Printing at home is becoming big business. Realising that consumers don't necessarily want to print A4 images all the time, printer manufacturers are falling over themselves to bring small toaster sized printers to the market. Epson believes its solutions should be at the top of your list, but should it be? We put the printer to the test.
Larger and considerably heavier than the HP Photosmart 375, you can see why Epson has invested in a heavy-duty handle to carry it around. Why it's so heavy we're not quite sure, as there isn't anything more to this unit than the Photosmart. Weight aside the printer is cased in a dulled plastic and rather than opt for stylish lines or shiny casings, its clear from the outset that the Epson is here to get the job done without any fluff.
A couple of slides here and opening there and the printer is ready for use. There's a paper tray to collect your images, a form feeder to load in 6in x 4in paper and a cover to hide a bank of removable storage. Taking CompactFlash (I&II), xD-Picture Card, SmartMedia, SD Memory Card, MultiMediaCard, Magic Gate Memory Stick, Memory Stick, Memory Stick PRO, IBM Microdrive. Adapter required for Mini SD Card and Memory Stick Duo. All the bases seem to be covered and like the Photosmart the unit doubles up as a memory card docking station when connected to a PC.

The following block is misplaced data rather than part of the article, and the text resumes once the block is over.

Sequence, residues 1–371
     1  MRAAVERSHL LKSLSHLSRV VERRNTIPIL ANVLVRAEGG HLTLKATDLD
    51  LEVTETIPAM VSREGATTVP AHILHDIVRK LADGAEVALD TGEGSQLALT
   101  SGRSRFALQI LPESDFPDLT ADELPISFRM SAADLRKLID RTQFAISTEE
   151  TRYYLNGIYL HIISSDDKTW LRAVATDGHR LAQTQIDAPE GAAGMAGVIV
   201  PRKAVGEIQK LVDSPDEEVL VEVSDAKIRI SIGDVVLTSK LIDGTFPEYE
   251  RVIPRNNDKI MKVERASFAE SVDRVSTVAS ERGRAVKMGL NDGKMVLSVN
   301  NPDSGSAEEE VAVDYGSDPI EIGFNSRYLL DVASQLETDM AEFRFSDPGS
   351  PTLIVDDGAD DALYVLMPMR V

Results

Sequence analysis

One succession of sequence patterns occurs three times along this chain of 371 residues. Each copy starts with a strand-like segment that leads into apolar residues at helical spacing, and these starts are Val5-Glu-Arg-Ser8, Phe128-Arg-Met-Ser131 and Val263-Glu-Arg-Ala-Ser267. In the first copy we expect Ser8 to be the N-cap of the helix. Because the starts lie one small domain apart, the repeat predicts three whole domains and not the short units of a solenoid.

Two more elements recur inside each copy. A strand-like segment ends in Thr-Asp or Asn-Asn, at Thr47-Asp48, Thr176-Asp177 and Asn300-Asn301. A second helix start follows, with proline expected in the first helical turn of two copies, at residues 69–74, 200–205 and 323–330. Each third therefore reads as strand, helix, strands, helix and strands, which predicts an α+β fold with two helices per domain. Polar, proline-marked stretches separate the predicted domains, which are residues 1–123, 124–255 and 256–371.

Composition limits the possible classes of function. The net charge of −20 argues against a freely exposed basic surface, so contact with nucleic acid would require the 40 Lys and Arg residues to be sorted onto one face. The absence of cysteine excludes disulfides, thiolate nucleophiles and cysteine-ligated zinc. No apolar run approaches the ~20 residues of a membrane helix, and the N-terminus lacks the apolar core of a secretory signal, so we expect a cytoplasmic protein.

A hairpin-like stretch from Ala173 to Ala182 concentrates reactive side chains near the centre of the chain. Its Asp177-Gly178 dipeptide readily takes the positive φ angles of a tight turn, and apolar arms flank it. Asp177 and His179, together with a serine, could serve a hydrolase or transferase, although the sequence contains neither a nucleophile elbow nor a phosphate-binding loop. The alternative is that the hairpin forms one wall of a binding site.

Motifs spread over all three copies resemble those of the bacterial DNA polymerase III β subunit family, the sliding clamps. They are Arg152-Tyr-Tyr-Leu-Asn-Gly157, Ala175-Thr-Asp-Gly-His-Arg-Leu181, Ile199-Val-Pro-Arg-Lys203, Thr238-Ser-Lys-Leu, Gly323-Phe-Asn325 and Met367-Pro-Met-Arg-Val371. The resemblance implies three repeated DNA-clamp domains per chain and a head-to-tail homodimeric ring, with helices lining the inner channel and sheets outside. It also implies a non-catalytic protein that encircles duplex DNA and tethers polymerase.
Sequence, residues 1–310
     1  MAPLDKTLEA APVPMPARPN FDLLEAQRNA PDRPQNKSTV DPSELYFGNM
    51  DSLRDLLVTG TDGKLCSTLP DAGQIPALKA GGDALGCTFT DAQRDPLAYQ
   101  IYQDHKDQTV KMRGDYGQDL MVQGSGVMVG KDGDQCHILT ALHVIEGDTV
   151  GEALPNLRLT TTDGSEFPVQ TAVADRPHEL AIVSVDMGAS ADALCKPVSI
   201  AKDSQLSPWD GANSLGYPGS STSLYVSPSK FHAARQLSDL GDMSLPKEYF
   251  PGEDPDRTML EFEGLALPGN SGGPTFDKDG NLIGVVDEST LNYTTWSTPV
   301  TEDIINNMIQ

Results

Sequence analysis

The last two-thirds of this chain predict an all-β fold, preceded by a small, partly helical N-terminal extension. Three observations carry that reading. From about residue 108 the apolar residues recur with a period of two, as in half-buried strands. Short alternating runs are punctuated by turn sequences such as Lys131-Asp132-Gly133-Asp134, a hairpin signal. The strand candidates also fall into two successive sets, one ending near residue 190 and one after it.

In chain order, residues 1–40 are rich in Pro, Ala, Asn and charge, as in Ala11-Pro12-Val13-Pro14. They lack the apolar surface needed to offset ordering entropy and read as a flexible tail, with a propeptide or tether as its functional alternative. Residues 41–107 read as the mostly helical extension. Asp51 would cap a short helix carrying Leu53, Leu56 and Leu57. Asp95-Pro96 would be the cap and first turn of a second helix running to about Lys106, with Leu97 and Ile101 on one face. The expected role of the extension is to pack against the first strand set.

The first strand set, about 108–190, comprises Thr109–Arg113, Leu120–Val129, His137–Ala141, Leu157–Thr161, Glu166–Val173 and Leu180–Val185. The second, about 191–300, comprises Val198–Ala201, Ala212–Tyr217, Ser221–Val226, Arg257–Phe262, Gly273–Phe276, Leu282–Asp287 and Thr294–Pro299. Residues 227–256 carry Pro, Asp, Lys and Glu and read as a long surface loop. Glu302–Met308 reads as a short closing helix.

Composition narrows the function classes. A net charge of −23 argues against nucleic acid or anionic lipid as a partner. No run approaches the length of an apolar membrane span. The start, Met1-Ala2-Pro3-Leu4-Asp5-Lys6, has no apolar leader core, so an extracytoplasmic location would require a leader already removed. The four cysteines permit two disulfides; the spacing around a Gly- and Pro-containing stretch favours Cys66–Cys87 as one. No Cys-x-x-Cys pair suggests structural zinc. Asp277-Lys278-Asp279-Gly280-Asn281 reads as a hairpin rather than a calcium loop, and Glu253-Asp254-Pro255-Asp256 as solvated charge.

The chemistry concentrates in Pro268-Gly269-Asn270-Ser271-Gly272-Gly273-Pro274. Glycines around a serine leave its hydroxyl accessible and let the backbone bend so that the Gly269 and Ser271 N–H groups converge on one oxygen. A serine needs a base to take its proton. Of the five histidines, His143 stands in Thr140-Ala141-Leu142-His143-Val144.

On the top there is a mono screen that allows direct printing of images from a memory card without the need to connect to a printer. A Bluetooth adapter means that you can print from any Bluetooth data enabled mobile phones or laptops. Like the Photosmart the addition of the adapter is an after thought and this time, rather than standing directly out from the printer towards you (as in the 375) the unit sticks upright like an antenna.
The menu system is fairly easy to master and gives you the ability to do all the usual things like printing out an index card, however the screen is mono and won't display images on it. You would think that with most of the competition sporting colour screen, albeit low resolution that it would feature one, but alas it doesn't.
We were decidedly disappointed with this model, which surprised us as many have said that they rate this among the best. Compared to the test prints we produced with the HP 375, the prints came across dulled in colour. Epson suggests that its print quality will last for over 100 years and this while we aren't about to hold off our review till the results come in giving it a good battering proved fruitless in our determination of scratching the print. Like the HP 375 we even gave to the dog to maul and that didn't reap any rewards either.